Wineskins Archive

February 4, 2014

Book Review: Myths America Lives By (Oct-Dec 2004)

Filed under: — @ 6:02 pm and

by Greg Taylor
October – December, 2004

Myths America Lives By
Richard T. Hughes

Chicago: University of Illinois Press, 2003). Hardback $29.95 ISBN 0-252-02860-0

Richard T. Hughes calls us to see the American creed through the keen eyes of those whose life, liberty, and pursuit of happiness have not been self-evident throughout United States history: African Americans.

In an election year, this twist may serve to jerk us away from the social, ethnic, and political paths too easily taken in favor of what he says is the most compelling path of the twenty-first century: to look empathetically through the eyes of our neighbor, and our enemy. Hughes looks critically at the myths (commonly believed narratives) that shape our self-understanding as “Americans”: that we are a chosen nation, set apart in classes by nature, a Christian nation, and one that will bring the light of liberty to other nations.

But the one he cuts into with the most laser precision is the myth that he believes we must jettison: that we are an innocent nation.

And what a radical path this is for a white history professor at Pepperdine University, who conceived of Myths America Lives By over years of teaching mostly white and wealthy students in Malibu, California. Why does he do this? Because Scripture calls us to see the world through other’s eyes, he says, even our enemies, to put our own interests on the back burner so other’s can flourish. African Americans have suffered perhaps more than any other group in American history and through their laser perception as some of the best social critics of our nation, we can hear the gospel more clearly.

Particularly in an election year, with the United States still at war, Myths America Lives By is a clarion call to see the world through the eyes of another, rather than the party or ethnic group through which one has always viewed life, religion, and politics.

This book is not easy to read or the perspectives easy to hear, because it unsettles the comfortable and those who believe America to be unequivocally compassionate and generous. Those who believe America solely good also tend to be ones who have not experienced its oppression or policies that work against them.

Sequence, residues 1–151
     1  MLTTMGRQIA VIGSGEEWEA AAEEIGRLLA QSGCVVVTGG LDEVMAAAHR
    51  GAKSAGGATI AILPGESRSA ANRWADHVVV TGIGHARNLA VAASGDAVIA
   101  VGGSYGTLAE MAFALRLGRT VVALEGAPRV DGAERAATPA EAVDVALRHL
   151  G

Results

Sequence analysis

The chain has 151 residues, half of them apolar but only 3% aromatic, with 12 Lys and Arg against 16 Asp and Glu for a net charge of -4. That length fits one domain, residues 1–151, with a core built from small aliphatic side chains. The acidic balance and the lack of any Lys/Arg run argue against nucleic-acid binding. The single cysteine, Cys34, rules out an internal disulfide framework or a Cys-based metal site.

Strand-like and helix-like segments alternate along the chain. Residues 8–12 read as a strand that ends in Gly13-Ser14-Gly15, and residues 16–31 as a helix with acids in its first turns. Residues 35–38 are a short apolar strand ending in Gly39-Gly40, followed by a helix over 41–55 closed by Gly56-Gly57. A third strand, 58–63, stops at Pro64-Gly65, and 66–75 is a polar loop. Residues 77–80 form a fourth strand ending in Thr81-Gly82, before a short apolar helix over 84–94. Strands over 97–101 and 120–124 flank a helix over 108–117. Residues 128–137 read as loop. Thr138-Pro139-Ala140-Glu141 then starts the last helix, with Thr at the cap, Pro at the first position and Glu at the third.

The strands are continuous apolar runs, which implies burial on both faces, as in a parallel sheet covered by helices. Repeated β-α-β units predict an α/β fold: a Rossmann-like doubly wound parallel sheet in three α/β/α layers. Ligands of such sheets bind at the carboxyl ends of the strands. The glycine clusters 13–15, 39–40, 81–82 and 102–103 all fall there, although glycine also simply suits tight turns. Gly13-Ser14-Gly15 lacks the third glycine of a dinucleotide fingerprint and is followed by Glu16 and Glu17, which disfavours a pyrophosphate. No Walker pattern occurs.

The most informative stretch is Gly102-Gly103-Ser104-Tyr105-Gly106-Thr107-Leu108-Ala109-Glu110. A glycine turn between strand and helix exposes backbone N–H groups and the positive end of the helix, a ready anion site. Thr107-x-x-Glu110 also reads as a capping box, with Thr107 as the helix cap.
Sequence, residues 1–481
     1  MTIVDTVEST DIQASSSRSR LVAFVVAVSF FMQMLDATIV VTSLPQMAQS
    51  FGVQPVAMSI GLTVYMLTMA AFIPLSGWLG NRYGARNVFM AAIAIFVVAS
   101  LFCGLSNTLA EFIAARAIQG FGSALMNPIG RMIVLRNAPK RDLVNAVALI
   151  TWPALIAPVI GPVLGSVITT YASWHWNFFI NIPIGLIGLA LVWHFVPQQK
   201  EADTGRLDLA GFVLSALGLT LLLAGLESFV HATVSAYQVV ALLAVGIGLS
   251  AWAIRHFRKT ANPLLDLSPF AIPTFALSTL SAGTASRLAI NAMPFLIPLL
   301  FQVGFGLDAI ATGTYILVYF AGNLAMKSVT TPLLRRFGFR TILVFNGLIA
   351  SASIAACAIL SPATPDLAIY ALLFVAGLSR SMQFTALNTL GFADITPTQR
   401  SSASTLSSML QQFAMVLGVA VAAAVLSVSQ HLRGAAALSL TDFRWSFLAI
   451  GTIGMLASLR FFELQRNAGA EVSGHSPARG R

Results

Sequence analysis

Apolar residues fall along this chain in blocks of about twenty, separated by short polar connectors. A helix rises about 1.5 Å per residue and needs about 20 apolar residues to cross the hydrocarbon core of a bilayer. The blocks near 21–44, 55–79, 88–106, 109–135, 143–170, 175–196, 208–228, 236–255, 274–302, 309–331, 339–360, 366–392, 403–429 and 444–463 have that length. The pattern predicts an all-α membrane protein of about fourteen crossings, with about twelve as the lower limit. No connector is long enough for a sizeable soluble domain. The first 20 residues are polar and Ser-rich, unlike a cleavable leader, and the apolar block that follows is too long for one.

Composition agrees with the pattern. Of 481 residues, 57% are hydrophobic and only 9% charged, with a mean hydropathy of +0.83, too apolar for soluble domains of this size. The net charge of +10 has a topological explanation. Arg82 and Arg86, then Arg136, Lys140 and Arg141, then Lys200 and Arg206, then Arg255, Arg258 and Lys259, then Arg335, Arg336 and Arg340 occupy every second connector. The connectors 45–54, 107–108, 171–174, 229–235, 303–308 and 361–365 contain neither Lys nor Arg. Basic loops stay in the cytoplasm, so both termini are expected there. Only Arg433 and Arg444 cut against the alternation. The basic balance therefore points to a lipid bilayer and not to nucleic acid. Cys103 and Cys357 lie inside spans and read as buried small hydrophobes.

Hughes starts with the assumption that America has made many people free–no doubting that, but in examining our nation’s story, or myths (not to be confused with fiction or things made up but defined as story), he particularly looks through the eyes of a people who have been oppressed by American policies for centuries: African Americans.

The myths are embodied in the words of President George W. Bush, who said, the “advance of freedom is the calling of our time, the calling of our country, the design of nature, and the direction of history. The cause we serve is right because it is cause of mankind.” These myths have been claimed as self-evident from the founding fathers on down.

Most of these myths hold great potential for good. Yet Americans have often absolutized these myths in ways that undermine the virtues that otherwise stood at their respective cores. This is the irony that lies at the heart of American history, as Reinhold Niebuhr pointed out many years ago. In his classic text The Irony of American History, Niebuhr spoke of “the ironic tendency of virtues to turn into vices when too complacently relied upon.” Moreover, it is precisely when powerful people absolutize their virtues that the interests of the poor and marginalized are most at risk. That is the fundamental premise of this book.
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